I really, really appreciate both Jim and Donna for bringing Elmer’s to where it is today—much more professional and a lot sturdier as a result of their being here. Donna has also kindly agreed to stay on during the transition, especially in the area of local produce. She really got that department going and neither of us wants to see it falter! So she is with us until we get a new grocery and produce manager. So keep on coming, all is well and we’ll announce the next manager when we get her or him!

Thank you to all the people who have told me they appreciate my endowed shape! I think it will be a grand day that completely destroys the sociologists when they hap upon this quaint old town in Western Massachusetts where all the old New England farmers nod and say, “Yo, Babe! Look at you! You done turned voluptuous on us! Look at that junk in your trunk! Mmm hmmm! You could set a cold drink AND a clock radio on that fine behind, yes indeed!”

Which will be the contrast to the other group in Ashfield that made me laugh (in a good way) by singing at the Memorial Day gathering,

America!  America!
God shed her grace on thee!
And crown thy good with neighborhood (instead of brotherhood)
From sea to shining sea!

See, they wouldn’t sing that in New Orleans.  In New Orleans they’d say,  “Huh uh!  That ain’t the song!  God ain’t no girl!  I mean, I guess he could be a girl, I guess, but that ain’t how the song go!” Read the rest of this entry »

When One Chef Closes, Another Chef Opens

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Notes from Nan: Jim, Oh Jim done gone.
By HF Contributing Writer, Nan Parati

One of the problems of having a tiny restaurant with an outstanding certified chef is that he is constantly being recruited by larger restaurants that can pay him infinitely better than I can. Happily (and surprisingly!) for me, Jim turned the marauders down for 3 years, but while I was in New Orleans recently, one of them finally convinced him to go. It makes sense now that he has a family (wife and new baby) to support and all, so I wasn’t surprised, just sad to see him go and glad he stayed so long. Jim will still be with us, snapping out breakfasts with Mary on Saturday and Sunday mornings, but he’ll be cooking with the high rollers all the other days of the week. Thanks Jim, for all the excellent food.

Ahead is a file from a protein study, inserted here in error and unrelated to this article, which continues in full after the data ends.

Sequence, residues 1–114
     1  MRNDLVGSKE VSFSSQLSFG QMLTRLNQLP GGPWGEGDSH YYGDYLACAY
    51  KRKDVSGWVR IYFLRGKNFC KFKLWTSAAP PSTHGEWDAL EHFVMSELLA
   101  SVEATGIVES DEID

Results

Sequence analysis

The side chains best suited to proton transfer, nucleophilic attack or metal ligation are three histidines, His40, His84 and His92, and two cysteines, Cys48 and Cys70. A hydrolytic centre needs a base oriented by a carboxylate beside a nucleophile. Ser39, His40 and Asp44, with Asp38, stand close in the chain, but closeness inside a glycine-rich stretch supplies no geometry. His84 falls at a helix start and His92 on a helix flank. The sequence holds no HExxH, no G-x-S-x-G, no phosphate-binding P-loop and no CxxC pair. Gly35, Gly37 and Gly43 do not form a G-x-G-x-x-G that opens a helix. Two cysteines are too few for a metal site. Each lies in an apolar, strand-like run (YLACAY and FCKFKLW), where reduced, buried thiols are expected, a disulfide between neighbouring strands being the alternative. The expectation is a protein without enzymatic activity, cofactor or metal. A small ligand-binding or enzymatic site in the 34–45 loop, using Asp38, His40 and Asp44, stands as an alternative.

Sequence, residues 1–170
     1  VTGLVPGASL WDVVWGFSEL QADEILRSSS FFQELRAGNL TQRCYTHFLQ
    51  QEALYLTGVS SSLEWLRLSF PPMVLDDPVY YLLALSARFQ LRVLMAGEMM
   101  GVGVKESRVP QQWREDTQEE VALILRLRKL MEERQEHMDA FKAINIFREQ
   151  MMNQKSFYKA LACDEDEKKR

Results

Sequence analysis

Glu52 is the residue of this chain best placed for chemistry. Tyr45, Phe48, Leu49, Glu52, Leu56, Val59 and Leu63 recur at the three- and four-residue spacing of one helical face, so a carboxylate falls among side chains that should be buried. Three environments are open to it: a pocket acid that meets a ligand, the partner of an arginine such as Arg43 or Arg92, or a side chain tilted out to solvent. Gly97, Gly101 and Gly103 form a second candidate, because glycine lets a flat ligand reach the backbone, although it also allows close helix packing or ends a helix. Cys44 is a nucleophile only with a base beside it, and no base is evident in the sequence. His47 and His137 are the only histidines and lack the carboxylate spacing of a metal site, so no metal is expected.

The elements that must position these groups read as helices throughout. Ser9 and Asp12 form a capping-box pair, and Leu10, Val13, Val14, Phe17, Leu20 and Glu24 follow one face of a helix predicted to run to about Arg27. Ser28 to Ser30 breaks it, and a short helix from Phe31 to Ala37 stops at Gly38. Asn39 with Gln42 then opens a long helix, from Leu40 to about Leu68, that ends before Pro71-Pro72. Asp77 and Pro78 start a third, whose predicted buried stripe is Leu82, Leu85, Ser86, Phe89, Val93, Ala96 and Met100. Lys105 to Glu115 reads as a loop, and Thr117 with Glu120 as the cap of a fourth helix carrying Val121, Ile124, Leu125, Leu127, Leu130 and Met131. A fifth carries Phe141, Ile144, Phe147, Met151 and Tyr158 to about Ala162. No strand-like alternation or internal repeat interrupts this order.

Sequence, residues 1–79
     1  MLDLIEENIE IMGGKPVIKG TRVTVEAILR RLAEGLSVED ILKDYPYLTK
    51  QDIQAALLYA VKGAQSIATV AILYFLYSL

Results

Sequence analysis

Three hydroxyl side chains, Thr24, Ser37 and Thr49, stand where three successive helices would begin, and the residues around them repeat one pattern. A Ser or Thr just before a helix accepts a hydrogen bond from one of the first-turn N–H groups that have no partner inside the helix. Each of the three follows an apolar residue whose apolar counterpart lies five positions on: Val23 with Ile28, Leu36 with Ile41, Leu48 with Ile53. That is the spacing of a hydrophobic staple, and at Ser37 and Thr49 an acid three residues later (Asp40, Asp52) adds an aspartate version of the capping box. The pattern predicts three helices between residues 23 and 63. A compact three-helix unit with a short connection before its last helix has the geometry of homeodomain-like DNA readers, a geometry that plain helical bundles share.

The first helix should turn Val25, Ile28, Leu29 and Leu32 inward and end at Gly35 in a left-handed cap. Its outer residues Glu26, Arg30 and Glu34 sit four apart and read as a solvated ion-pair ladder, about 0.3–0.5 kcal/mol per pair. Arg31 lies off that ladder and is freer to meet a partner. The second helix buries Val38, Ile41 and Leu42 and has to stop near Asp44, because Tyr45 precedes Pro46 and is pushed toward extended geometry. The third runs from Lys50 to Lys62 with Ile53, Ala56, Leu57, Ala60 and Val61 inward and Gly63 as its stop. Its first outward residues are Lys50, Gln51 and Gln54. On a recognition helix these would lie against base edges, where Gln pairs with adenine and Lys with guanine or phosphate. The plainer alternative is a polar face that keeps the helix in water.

So now we welcome our new dinner cook, Brolin! You’ve enjoyed his breakfasts and to-go lunches for a few months now; he came to us back in January—and here’s how Baby Jesus works: he (Brolin, not Baby Jesus) told me the other day that when he came back to this area he applied to a number of restaurants, but got no real interest. He was just starting to get discouraged when he applied to Elmer’s. We liked him as soon as we saw him and snapped him right up. And this is exactly where he’s supposed to be because we love him! He grew up in Amherst and sought his fortune in San Francisco where he had his own catering company, Instant Luau. He moved back to the area last winter and that’s when we got him.

Besides cooking, he has his own record label, 442 Records, preserving hip-hop, R & B and jazz for all time. He likes candlepin bowling, fly-fishing and lives to barbecue. He’s also cute as the dickens, which I can say because I am way older than he is.

I asked him what his culinary philosophy was and he shrugged, smiled and said, “I like to make good food that people will like.” So, okay! – He’s cooking Thursday and Friday dinners now!

Elmer’s Store | 396 Main St. | Ashfield, MA 01330 | (413) 628-4003


Nan Parati - Elmer's StoreNan Parati

Nan is the proprietor of Elmer’s Store in Ashfield, MA. A New England transplant from the Deep South, Nan shares her southern wit, wisdom and charm every week in her column, “Notes from Nan.” Share dinner with her every Friday at Elmer’s. Menu’s are posted with her column.

Ashfield Community Preschool Summer Survey

The Ashfield Community Preschool is located on Baptist Corner Road in Ashfield, MA (Photo credit: Sienna Wildfield)

David Kulp of Ashfield, MA writes:

The Ashfield Community Preschool is collecting information about our community needs for preschoolers through an online survey and we hope you can participate. All are welcome to complete the survey. Read on…

Ashfield Community Preschool anticipates offering an eight-week theme-based summer program running from June 28-August 20, with flexible enrollment including weekly, or full and half- day. Themes for the summer program might include weeks focused on nature, gardening, and arts and crafts. Additionally, our program is considering hosting special guest artist days during which community experts would come to teach, for example, watercolor painting, knitting, or music and we also anticipate offering designated days for swim time at the lake. In an effort to serve and assess the childcare needs of our hilltown communities more fully we ask that you complete this brief survey.

To entice you to take a few moments to fill out this survey, your returned survey will enter you into a drawing for a family four-pack of tickets for our May Fair featuring a performance by the Double Edge Theater.

Wanted: Quintessential Willie Gray Stories

Notes from Nan: And now, Spring.

BY HF Contributing Writer, Nan Parati